A family needs growing room in their New York home—and they want it to be energy efficient.
Driving along the country road to Ann Rauch and Michael Goldblum’s house, it’s hard to believe you’re only a few subway stops from Manhattan. The Bronx, New York, 1930s-era, 1,770-square-foot home has a spacious front yard that provides an urban oasis for the couple and their children: Emma, 13, and Nathaniel, 10.
Though the location is ideal, the family is rapidly outgrowing the small home as the children get older. “Our shared bathroom feels smaller by the minute as our kids grow and spend more time there,” Ann says. In addition, Nathaniel is cramped in a half-bedroom, and there’s no room for entertaining: Dinner guests serve themselves buffet style, and the kids sit on the floor. The washing machine is squeezed into the crowded, galley-size kitchen.
The family recently decided to go ahead with the renovation they’ve been talking about for years. Michael, an architect, designed a 1,200-square-foot addition over the existing family room that will provide a new master bedroom, guest room, bathroom and laundry room. There will also be a build-out in the front and back of the house to create a dining area and sunroom.
The renovation gives the family a chance to incorporate green building practices and reduce their high monthly energy bills. Their goal is to earn the U.S. Green Building Council’s Leadership in Energy and Environmental Design (LEED) certification.
1. Replace the inefficient windows
Problem: The existing windows lose energy, and some of them are difficult to open.
Solution: Ann and Michael’s windows lose a great deal of heat, so replacing them with Energy Star-labeled, wood-frame, double-glazed, low-E models will greatly improve the home’s energy efficiency. Windows that open easily will allow natural ventilation and reduce the need for air conditioning on temperate days.
Cost: Approximately $1,500 per window, installed.
2. Upgrade the insulation
Problem: The home’s exterior walls are poorly insulated, and air leaks out around doors and windows.
Solution: Recycled-content cellulose insulation can be blown into the uninsulated wall cavities and attic. In the addition, the couple can add nontoxic recycled-denim insulation during construction. After the new addition is complete, Ann and Michael should hire an Energy Star contractor to evaluate the home’s airtightness and seal any leaks.
Cost: Blown-in cellulose insulation: $1 per square foot. UltraTouch recycled-cotton insulation: $1 to $2 per square foot, depending on its R factor. Energy Star blower door test and audit: $350.
3. Overhaul the heating system
Problem: The house’s original, oil-fired boiler was inefficient and expensive to maintain. One morning Ann found a thin film of black dust on the furniture and realized the boiler had experienced a “puff back” that spread soot throughout their home.
Solution: It was more cost-effective—and less risky—to replace the old boiler than to repair it. Not wanting to risk another sooty malfunction, Ann and Michael chose a sealed-combustion boiler with electronically controlled gas pressure to keep the output constant. The new boiler is cleaner and sized appropriately to heat their more energy-efficient home.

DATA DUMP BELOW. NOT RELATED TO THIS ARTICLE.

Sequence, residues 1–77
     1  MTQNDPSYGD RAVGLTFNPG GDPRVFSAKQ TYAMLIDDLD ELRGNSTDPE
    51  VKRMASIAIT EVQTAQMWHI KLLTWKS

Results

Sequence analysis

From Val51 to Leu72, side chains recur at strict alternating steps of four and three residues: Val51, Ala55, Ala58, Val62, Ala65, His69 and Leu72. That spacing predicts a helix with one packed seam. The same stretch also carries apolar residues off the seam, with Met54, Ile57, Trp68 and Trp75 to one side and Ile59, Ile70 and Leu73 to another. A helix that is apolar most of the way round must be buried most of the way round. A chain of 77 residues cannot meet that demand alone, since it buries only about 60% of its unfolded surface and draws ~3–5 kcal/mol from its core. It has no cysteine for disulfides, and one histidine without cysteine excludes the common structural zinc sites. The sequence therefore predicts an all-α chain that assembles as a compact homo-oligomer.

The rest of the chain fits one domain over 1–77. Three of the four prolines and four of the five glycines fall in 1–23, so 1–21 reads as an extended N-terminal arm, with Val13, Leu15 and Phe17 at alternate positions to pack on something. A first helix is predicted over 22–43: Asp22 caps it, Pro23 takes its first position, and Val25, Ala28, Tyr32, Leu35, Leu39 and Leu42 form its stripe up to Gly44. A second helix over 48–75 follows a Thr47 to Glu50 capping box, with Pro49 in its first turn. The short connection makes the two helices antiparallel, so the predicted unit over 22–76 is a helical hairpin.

Cost: New boiler (installed): $5,000.
4. Improve the shabby flooring
Problem: The existing hardwood floors are worn, and the stairway carpet is threadbare. The attached cement-floor garage is drafty, so it’s used for storage instead of more living space.
Solution: Instead of replacing the wood floors, Ann and Michael can sand and reseal them with a low-VOC finish. A durable new runner made of undyed wool fibers and low-toxic adhesives should hold up to heavy stair traffic. The couple could make the garage a functional exercise and play area by insulating the walls and installing a cushioned, recycled-rubber floor surface.
Cost: Water-based polyurethane wood sealer: $2 per square foot. Wool carpet: $12 per square foot, installed. EcoSurfaces recycled-rubber flooring tiles: $11 to 16 per square foot, installed.
5. Fix the bathroom fixtures
Problem: Adding new bathrooms will alleviate space issues, but Ann and Michael are concerned about maximizing their water efficiency.
Solution: The new bathroom should include a dual-flush toilet and low-flow fixtures. They can add faucet aerators and a low-flow showerhead to the existing bathroom and, within the next few years, replace the toilet with a water-saving model. To reduce the family’s exposure to chemicals from the municipal water supply, they should install chlorine filters for the showerheads and consider a whole-home filtration system.
Cost: Water-saving showerhead: $10 to $50 depending on model. Dual-flush toilet: $400. Showerhead chlorine filter: $20. Whole-house water filtration system (custom designed, installed): $5,000. Self-installed Aquasana Whole-House Water Filter: $1,100 (www.AquasanaStore.com)
Matthew Morris is a sustainability consultant with New York City’s Deep Green Living (www.DeepGreenLiving.com), which helps clients make their living spaces healthier and more environmentally friendly.
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